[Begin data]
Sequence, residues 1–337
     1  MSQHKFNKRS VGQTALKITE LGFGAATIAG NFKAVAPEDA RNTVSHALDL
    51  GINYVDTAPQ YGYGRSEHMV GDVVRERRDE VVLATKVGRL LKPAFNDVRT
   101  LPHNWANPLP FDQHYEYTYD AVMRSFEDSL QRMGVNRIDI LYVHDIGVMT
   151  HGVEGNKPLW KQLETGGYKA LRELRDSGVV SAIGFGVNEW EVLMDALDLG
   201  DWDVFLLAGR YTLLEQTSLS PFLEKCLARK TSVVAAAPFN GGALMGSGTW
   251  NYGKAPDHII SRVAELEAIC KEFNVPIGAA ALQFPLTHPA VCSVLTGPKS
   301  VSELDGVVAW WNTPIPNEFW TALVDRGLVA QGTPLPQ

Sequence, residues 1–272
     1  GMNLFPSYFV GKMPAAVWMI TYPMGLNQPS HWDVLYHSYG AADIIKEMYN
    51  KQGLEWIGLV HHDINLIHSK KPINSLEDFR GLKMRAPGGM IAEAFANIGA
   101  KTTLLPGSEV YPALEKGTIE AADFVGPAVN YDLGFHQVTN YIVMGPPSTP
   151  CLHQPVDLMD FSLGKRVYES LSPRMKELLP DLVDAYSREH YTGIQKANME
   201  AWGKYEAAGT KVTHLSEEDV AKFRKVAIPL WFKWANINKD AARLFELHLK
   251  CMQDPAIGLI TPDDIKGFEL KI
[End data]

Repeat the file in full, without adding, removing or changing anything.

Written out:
Sequence, residues 1–337
     1  MSQHKFNKRS VGQTALKITE LGFGAATIAG NFKAVAPEDA RNTVSHALDL
    51  GINYVDTAPQ YGYGRSEHMV GDVVRERRDE VVLATKVGRL LKPAFNDVRT
   101  LPHNWANPLP FDQHYEYTYD AVMRSFEDSL QRMGVNRIDI LYVHDIGVMT
   151  HGVEGNKPLW KQLETGGYKA LRELRDSGVV SAIGFGVNEW EVLMDALDLG
   201  DWDVFLLAGR YTLLEQTSLS PFLEKCLARK TSVVAAAPFN GGALMGSGTW
   251  NYGKAPDHII SRVAELEAIC KEFNVPIGAA ALQFPLTHPA VCSVLTGPKS
   301  VSELDGVVAW WNTPIPNEFW TALVDRGLVA QGTPLPQ

Sequence, residues 1–272
     1  GMNLFPSYFV GKMPAAVWMI TYPMGLNQPS HWDVLYHSYG AADIIKEMYN
    51  KQGLEWIGLV HHDINLIHSK KPINSLEDFR GLKMRAPGGM IAEAFANIGA
   101  KTTLLPGSEV YPALEKGTIE AADFVGPAVN YDLGFHQVTN YIVMGPPSTP
   151  CLHQPVDLMD FSLGKRVYES LSPRMKELLP DLVDAYSREH YTGIQKANME
   201  AWGKYEAAGT KVTHLSEEDV AKFRKVAIPL WFKWANINKD AARLFELHLK
   251  CMQDPAIGLI TPDDIKGFEL KI